When Sarah* turned 48 a change in her life meant she was unable to keep working as a practice manager in the medical field, a role she had enjoyed for more than 26 years. After deciding to do volunteer work at Women’s Information Referral Exchange (WIRE), she realised she had found a new calling.
“WIRE was my first introduction to family violence. I found the work very fulfilling and I loved the vision of helping to empower women. I could hear a change in their voice at the moment they realised they were not alone and that there are options,” she said.
Slot gameSarah discovered that many of the skills she learned in her previous role were transferable and she decided to return to university full time for 2 years while continuing to build her professional experience and confidence working to support women at WIRE.
Slot game“Being paid to work at WIRE while I was studying was an opportunity to put what I was studying into practice. After I finished studying, I knew I wanted to work in family violence so I applied for lots of jobs, just trying to get my foot in the door,” she said.
For the past year she has worked 4 days a week at EMERGE Women and Children Support Network as a family violence crisis case manager and picked up casual work with another organisation doing response work after hours. This allows her to support women by building trust over time in her case manager role and to provide immediate support in her casual role.
“My after-hours work gives me a different kind of exposure because I’m working at the coalface, responding to a woman’s needs right then and there. For example, we might hear from a woman in a motel room with her children: they might need nappies; they might need emotional support or they might need a plan to keep themselves safe. You address their needs and you don’t see them again, whereas my case management work is more long-term and focused on building relationships and empowering women,” she said.
Slot gameAlthough every day in case management is different, Sarah sums up her role as a relationship builder with the aim of supporting women to take the lead and move forward with their lives.
Slot game“It’s all about listening and talking with someone, being transparent, validating their experience and offering choices. When they come to you their needs will vary. Sometimes what I think they should do right now might be different to what they expected to hear. That’s why trust is so important and why I really enjoy advocating for women as part of my job".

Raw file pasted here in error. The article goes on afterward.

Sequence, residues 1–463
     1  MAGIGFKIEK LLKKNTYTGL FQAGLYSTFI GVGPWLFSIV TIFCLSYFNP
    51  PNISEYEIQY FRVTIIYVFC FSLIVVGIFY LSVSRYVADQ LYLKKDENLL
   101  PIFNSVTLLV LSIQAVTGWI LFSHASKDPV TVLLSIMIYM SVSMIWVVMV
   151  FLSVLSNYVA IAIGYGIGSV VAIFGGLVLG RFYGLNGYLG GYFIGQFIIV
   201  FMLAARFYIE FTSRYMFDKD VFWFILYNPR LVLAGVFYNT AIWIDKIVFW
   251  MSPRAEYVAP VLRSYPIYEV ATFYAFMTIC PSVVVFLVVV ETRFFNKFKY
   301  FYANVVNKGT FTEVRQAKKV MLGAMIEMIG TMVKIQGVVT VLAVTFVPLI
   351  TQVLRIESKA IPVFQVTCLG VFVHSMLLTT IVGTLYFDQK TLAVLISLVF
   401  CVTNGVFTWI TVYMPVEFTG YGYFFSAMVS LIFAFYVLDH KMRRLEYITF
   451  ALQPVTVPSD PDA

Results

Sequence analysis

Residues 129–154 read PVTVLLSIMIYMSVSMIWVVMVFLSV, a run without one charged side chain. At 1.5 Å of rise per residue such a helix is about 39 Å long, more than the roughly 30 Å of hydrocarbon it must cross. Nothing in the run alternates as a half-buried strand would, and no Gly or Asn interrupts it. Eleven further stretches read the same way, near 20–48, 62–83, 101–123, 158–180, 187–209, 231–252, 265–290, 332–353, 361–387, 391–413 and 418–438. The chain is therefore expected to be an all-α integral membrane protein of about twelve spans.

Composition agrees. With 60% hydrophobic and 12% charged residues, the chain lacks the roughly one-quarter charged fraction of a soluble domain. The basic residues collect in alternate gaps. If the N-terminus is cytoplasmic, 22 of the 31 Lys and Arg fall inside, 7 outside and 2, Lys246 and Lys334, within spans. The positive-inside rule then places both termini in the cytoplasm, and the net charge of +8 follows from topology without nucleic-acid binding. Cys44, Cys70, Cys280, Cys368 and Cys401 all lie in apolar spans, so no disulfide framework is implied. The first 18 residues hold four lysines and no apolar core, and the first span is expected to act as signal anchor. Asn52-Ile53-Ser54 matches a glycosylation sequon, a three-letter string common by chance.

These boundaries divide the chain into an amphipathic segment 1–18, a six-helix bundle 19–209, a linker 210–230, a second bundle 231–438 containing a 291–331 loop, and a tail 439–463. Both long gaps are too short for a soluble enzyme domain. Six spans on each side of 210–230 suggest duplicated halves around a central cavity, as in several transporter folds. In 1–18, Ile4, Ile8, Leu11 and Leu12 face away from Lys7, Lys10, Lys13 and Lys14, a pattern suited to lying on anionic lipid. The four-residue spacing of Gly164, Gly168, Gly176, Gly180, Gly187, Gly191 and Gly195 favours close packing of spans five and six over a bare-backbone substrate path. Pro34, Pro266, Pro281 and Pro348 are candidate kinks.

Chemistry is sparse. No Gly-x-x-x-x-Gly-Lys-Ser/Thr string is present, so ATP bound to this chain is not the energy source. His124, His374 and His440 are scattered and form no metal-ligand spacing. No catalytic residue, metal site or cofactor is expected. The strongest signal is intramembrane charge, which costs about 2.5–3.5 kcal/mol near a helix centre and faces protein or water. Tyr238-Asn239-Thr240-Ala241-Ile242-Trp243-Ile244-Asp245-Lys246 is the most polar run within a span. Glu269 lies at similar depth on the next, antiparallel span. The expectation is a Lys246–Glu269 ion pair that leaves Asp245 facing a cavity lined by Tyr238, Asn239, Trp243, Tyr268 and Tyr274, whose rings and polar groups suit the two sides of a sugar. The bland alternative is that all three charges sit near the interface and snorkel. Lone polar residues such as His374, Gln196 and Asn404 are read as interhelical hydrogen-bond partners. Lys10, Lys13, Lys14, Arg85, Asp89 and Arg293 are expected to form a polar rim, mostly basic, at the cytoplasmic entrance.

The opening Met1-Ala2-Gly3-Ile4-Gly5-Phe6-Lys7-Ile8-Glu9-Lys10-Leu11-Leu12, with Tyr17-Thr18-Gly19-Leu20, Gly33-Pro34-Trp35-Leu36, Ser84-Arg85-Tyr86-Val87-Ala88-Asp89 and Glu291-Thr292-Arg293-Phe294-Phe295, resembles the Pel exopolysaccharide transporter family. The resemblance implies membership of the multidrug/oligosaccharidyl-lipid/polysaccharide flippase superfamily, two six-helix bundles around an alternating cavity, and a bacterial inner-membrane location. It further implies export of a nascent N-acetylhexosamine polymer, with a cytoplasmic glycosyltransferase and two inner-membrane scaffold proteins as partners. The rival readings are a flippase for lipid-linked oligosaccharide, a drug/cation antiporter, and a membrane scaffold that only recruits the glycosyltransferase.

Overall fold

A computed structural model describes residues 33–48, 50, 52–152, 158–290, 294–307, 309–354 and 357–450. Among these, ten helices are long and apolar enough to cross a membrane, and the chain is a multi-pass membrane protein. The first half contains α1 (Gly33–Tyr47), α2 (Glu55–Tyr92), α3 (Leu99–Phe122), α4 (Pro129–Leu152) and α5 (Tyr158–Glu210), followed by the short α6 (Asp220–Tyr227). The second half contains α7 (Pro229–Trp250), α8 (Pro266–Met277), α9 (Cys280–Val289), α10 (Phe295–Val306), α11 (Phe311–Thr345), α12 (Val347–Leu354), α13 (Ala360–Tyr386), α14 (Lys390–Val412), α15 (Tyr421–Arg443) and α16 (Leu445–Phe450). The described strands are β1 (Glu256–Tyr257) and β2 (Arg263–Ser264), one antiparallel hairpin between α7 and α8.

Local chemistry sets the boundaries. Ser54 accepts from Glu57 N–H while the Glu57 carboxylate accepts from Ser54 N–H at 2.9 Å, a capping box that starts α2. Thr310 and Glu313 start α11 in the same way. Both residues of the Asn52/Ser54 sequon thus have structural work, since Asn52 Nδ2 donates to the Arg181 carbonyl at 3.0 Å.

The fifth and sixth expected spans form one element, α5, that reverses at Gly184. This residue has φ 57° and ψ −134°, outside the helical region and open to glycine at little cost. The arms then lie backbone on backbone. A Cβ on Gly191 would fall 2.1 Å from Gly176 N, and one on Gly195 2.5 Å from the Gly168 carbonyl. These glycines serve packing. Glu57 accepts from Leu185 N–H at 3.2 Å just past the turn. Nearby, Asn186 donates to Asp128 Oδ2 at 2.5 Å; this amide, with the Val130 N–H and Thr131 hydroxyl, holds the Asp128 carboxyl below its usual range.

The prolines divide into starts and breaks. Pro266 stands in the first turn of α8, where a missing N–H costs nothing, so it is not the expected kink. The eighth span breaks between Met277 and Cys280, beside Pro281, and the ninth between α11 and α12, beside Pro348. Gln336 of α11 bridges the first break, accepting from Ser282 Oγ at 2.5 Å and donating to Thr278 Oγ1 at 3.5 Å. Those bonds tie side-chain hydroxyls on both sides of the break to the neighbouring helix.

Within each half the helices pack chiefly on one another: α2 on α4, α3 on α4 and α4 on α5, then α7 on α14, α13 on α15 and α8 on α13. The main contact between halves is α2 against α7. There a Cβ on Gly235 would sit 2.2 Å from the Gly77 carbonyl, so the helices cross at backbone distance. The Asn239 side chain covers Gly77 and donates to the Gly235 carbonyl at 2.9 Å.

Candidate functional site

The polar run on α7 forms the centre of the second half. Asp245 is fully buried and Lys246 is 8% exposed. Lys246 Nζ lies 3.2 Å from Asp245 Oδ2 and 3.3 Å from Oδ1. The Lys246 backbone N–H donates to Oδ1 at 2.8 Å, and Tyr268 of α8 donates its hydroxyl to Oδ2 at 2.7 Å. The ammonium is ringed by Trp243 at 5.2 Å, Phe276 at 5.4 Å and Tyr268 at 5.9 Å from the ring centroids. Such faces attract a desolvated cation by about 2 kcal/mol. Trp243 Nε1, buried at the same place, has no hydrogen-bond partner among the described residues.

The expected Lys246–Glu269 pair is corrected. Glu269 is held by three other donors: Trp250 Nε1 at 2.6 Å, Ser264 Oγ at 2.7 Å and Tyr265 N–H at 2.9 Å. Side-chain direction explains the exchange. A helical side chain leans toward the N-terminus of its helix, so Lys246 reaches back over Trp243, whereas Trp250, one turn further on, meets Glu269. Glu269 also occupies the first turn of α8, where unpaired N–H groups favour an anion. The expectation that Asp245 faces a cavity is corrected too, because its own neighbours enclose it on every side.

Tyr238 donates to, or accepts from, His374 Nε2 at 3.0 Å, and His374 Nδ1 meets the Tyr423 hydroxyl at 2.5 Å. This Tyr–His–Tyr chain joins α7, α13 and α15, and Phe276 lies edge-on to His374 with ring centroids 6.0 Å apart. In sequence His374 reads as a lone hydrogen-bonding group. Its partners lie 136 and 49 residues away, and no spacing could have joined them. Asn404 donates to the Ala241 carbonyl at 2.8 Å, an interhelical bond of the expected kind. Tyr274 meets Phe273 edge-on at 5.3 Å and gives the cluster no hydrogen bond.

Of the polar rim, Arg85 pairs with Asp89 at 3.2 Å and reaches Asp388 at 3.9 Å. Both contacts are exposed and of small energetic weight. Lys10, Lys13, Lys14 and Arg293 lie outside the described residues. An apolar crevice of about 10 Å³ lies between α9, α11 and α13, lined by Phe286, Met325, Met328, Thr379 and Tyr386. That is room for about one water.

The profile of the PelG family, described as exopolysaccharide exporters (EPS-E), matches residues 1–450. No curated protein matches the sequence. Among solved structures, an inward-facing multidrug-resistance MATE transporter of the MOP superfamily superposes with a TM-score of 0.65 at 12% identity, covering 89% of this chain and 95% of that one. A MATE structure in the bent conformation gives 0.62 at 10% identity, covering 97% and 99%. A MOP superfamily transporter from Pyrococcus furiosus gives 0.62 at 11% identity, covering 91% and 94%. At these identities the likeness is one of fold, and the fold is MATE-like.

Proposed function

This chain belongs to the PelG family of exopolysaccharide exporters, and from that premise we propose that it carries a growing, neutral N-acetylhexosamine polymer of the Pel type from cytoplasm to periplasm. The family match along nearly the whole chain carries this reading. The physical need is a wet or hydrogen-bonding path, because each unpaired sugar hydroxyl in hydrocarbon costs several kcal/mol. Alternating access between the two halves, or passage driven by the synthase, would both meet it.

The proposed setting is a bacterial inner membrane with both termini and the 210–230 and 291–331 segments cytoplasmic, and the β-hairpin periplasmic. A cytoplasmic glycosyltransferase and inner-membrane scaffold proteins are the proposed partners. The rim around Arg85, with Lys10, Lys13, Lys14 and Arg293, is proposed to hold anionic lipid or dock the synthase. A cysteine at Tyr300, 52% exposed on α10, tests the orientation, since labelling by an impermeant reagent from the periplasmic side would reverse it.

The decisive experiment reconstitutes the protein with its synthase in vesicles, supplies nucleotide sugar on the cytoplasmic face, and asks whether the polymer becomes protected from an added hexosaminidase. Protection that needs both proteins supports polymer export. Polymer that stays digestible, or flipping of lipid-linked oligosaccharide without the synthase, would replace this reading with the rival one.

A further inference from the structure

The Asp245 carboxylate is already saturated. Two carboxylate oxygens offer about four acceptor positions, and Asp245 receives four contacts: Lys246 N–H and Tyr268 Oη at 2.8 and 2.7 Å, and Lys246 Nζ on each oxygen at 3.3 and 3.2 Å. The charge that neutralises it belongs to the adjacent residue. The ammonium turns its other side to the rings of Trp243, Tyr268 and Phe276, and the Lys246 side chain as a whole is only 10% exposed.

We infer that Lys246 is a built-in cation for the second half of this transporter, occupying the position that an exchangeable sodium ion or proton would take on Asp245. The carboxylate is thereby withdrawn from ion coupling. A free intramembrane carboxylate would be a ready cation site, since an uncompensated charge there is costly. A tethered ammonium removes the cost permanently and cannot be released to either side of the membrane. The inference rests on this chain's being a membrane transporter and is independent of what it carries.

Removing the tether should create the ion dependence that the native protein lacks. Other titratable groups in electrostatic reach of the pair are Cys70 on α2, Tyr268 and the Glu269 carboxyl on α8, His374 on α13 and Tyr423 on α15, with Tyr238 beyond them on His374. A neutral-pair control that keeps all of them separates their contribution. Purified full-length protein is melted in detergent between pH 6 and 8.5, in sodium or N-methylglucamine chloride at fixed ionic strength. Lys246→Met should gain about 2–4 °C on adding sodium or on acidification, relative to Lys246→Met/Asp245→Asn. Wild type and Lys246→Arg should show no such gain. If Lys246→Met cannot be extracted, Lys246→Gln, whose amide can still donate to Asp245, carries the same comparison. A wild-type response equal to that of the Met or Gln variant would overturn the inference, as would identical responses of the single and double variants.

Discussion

Slot game“The sector offers a lot of opportunities for professional development and not all roles involve working directly with the woman. When I considered a mid-career change I didn’t realise how many of the skills I already had were relevant to being a case manager.”
Slot game*Not her real name, name changed to protect privacy
How to become a specialist family violence response practitioner
Slot gameIf you are interested in working in a specialist response role like Sarah, you may be expected to have completed a qualification in Social Work, Psychology, Counselling, Community Services or equivalent.
Some specialist family violence roles, such as case workers and case managers, may require formal qualifications such as a Bachelor of Social Work degree or equivalent. Other roles available within the sector would suit those people with broader skills and experiences.
Slot gameSpecialist family violence response workers can work in the following areas:
- victim support services (undertaking intake and assessment, crisis intervention and support, and case management work)
- refuge services
- perpetrator services (including Men's behaviour change or case management work)
- court advocacy and support
- therapeutic support and counselling
Slot gameIf you are interested in volunteering in a specialist family violence agency to decide if the sector is right for you, you can contact service providers directly to see if they have any opportunities.
Reviewed 13 December 2020